The TSA and The 9 Year Old Security Threat

In the past, I've been quite critical of the TSA, and rightfully so. This year has seen long lines that exceeded 3 hours in Chicago, record high complaints about employee misconduct, and a success rate of only 5% when finding illicit items in luggage. In an effort to outdo itself, the TSA has now detained a 9 year old pace maker wearer... because those pace makers could be bombs.... really TSA?



My last job took place at a research laboratory, and it consisted of working in very high magnetic fields. We were all very aware of how magnetic fields can inversely impact those that wear pace makers. Walking through a metal detector at a TSA checkpoint is no different. Magnetic fields are not something that should be messed with for these patients.

A family from Wyoming, Minnesota was well aware of these issues when they attempted to pass through a TSA screening point at the Phoenix airport.  Their 9 year old son was born with a disease that caused deformation of the heart, requiring no less than 15 surgeries on his heart and a pace maker to keep him alive. Since the family was no stranger to travel, they came armed with paperwork on his condition and requested a pat down instead of the normal metal detector system. 

After handing the paperwork to the TSA agent to bypass the metal detector, the agent then decided the 9 year old child was a terrorist threat. He was quickly pulled aside and detained for over an hour while 4 police officers and TSA agents in the double digits came to investigate the apparently threatening child.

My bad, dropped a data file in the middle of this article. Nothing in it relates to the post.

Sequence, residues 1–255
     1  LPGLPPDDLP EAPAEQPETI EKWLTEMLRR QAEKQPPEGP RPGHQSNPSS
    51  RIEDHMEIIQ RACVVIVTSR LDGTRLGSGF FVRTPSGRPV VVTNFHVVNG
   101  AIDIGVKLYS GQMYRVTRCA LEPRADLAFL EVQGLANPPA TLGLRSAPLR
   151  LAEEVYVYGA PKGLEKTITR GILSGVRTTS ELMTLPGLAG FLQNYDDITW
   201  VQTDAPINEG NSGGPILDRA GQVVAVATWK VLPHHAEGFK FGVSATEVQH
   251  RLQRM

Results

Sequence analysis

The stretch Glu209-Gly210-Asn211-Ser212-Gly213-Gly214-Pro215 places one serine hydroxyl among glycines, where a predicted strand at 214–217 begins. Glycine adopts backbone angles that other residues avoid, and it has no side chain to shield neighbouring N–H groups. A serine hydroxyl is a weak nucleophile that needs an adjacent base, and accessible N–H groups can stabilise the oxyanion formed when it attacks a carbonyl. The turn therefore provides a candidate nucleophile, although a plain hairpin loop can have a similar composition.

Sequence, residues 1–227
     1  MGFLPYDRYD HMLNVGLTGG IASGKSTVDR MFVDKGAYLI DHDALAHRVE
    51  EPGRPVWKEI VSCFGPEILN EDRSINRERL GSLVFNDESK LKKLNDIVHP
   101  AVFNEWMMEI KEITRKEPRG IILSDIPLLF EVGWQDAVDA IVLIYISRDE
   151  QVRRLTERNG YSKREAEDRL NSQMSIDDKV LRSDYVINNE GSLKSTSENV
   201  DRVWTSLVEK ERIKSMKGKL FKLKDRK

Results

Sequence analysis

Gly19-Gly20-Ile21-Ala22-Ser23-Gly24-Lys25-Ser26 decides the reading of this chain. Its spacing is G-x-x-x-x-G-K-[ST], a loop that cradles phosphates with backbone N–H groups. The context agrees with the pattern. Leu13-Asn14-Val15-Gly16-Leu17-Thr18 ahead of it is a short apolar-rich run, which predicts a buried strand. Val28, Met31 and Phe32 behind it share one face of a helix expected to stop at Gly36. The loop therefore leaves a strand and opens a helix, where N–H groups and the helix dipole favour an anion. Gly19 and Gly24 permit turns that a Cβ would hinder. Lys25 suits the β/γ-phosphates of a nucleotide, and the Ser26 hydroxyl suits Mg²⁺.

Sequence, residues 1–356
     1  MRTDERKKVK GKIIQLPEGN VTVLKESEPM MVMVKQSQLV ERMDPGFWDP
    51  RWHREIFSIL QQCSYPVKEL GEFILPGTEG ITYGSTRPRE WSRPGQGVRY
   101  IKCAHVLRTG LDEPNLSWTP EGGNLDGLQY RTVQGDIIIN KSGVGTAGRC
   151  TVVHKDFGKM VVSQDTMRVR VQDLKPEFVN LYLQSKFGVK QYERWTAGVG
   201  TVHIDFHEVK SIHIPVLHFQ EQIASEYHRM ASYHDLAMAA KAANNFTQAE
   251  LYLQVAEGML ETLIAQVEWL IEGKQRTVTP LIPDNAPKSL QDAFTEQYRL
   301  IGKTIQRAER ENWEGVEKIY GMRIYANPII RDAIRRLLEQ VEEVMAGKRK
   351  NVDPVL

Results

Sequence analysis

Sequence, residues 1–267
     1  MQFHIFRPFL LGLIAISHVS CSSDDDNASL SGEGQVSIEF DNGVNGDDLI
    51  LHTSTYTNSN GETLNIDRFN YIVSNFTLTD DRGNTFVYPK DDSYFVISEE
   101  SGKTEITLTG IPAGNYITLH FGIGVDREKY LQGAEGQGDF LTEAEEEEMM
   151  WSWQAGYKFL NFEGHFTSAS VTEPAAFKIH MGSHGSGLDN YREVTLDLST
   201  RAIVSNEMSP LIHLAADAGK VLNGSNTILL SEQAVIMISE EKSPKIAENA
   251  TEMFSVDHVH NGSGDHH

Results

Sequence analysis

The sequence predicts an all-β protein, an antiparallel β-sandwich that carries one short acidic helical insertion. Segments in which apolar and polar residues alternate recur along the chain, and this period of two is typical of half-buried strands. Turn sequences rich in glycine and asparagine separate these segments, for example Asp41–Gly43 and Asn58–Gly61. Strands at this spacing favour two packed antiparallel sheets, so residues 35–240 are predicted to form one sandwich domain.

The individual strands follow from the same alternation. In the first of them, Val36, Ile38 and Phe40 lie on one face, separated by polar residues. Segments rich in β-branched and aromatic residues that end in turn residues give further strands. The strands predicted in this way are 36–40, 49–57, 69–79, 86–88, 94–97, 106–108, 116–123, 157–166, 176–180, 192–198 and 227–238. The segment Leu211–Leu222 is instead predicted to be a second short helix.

At some point a TSA agent attempted to justify their actions by claiming that a 9 year old with a bomb in his chest was once captured by the TSA. When the mother asked when that happened, the TSA agent merely responded with a canned response that they couldn't disclose that information.  They couldn't disclose it, because it never happened. The TSA has a hard time proving that they've ever foiled any terrorist, let along a 9 year old chest bomb toting terrorist. 

The family was detained long enough to miss their flight and cause them to stay an extra day in Phoenix. Even after bring this up, getting media attention and a promise from the TSA to contact the family to resolve the situation, no TSA representative had at the time contacted the family as promised.

This just exemplifies the problems with the TSA. They claim to keep us all safe, hold us up at the airport, and generally cause so many problems, that even the most hard core security expert needs to question the usefulness of the agency.

In tests, the TSA only found 5% of contraband passed through security checkpoints. No discernible capture of any serious threat has ever been proven by the TSA, and yet we spend millions employing generally horrible people.

This all in an effort to feel safe, but there in lies the problem. TSA agents are stationed throughout the US costing taxpayers money while failing at their jobs. We want a sense of security that cannot exist, but the TSA plods on unwavering in their horrible behavior, lack of ability to do their jobs and general laziness. Even TSA precheck is a crap shoot in many places I've flown to.

Maybe it is time we stepped back and looked at the true cost of the TSA and whether we need security on this level in any airport in the world. Likely the answer is no... but there is certainly a debate to be had there. We can probably agree on one thing, the TSA has a systemic problem and it needs to be dealt with quickly. 

Rocket Scientist, Travel Junkie, and Ruler of the 4th Moon of Omicron Persei 8